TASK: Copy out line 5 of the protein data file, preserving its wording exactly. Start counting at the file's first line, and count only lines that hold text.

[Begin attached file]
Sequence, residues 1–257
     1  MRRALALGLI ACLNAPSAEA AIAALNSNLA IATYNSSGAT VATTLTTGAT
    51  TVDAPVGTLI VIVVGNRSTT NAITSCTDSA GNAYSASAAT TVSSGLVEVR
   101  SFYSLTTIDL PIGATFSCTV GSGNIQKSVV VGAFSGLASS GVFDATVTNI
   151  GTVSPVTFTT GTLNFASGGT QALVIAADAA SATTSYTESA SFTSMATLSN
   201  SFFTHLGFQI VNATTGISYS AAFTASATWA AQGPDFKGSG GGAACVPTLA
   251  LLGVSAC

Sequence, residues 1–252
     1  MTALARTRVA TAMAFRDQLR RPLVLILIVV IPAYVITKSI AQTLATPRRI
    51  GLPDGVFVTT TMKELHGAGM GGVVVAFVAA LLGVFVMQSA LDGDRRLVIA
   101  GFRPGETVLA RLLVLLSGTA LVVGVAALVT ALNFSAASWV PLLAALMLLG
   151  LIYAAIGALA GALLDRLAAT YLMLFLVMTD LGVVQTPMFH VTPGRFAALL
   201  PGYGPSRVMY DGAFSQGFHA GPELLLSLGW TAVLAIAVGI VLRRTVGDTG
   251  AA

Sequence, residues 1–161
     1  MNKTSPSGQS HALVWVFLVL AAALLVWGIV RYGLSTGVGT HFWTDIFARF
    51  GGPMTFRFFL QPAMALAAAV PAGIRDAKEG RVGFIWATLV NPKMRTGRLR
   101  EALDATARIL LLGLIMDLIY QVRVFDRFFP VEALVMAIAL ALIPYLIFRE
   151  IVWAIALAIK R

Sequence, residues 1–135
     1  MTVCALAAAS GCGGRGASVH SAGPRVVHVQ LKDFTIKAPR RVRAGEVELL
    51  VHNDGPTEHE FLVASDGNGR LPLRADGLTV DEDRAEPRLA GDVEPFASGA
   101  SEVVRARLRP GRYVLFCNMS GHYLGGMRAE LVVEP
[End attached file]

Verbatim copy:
   151  GTVSPVTFTT GTLNFASGGT QALVIAADAA SATTSYTESA SFTSMATLSN